If the policy were implemented over a period of six years, in equal stages, that would be rather less than£3 million a year. Is the Financial Secretary to the Treasury going to tell us that with a national expenditure of£4,197 million a year during the current financial year, it would be utterly impossible to increase that expenditure in a single year by rather less than£3 million? That is really what the problem resolves itself into when the figures are looked at and considered simply as a cold financial problem.

4.47 p.m.

Mr. Harry Wallace (Walthamstow, East)

I do not propose to take more than three minutes. I want to ask my hon. Friend the Financial Secretary if he will answer the point made by my hon. Friend the Member for Sowerby (Mr. Houghton), does the recent estimate by the Chancellor of the Exchequer repudiate, modify or qualify the statement made by Sir Stafford Cripps?

The Government are committed to this principle. One hon. Member has suggested that we may not get another chance for discussion in this Parliament. Believe me, in the country no Government will escape this discussion. If I be wrong in my estimate of the life of this Government and there should be a General Election, there is not one political candidate who will not say that he does not believe in this principle. This is a principle accepted by all. When are we to start? We believe that a start can be made immediately, and if there is any help wanted as to the application of the principle there are dozens of men and women in this Parliament who will give the necessary advice.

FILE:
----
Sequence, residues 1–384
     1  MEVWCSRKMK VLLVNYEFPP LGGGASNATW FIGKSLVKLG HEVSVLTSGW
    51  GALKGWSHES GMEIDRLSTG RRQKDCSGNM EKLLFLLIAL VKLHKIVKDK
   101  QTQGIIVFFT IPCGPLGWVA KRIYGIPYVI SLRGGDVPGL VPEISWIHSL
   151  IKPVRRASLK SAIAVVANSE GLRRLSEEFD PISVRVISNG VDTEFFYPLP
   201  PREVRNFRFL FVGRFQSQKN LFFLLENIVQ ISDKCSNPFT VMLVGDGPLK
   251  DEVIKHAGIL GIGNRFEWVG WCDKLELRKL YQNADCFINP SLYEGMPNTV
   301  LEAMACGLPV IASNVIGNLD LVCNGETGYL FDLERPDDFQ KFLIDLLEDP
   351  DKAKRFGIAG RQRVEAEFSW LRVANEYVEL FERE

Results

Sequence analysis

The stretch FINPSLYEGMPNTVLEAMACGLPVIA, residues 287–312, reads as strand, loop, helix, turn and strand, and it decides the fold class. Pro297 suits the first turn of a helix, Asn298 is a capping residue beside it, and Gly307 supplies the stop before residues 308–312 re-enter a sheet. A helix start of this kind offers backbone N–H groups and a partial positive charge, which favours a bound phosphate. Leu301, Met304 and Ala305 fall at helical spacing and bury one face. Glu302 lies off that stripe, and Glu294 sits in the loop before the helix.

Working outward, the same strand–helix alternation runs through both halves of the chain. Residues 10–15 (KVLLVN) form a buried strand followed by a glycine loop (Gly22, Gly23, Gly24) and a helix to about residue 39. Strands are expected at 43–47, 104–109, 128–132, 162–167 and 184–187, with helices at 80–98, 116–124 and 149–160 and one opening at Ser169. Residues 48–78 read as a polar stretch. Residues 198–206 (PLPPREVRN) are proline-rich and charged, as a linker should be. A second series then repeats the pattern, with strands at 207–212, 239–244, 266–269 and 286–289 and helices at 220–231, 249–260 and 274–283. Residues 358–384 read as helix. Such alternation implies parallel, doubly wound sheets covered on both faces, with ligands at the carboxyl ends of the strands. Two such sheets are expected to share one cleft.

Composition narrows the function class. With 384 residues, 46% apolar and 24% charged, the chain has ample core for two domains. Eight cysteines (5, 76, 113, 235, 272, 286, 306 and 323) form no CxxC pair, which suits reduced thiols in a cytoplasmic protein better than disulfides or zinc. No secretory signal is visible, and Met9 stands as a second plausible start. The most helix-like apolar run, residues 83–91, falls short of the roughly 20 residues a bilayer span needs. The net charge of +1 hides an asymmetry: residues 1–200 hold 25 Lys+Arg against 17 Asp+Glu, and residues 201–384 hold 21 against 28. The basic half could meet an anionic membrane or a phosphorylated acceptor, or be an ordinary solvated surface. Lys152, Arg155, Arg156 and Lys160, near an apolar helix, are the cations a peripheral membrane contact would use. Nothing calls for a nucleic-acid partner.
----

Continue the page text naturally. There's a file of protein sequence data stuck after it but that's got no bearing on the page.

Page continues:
Every trade union is ready to co-operate in devising practical schemes of application. The Trades Union Congress will co-operate. I beg my hon. Friend and the Chancellor of the Exchequer not to destroy the good will which exists today. People are prepared to he reasonable and are in the mood to be reasonable as they appreciate the country's difficulty, but the Government can make a sign.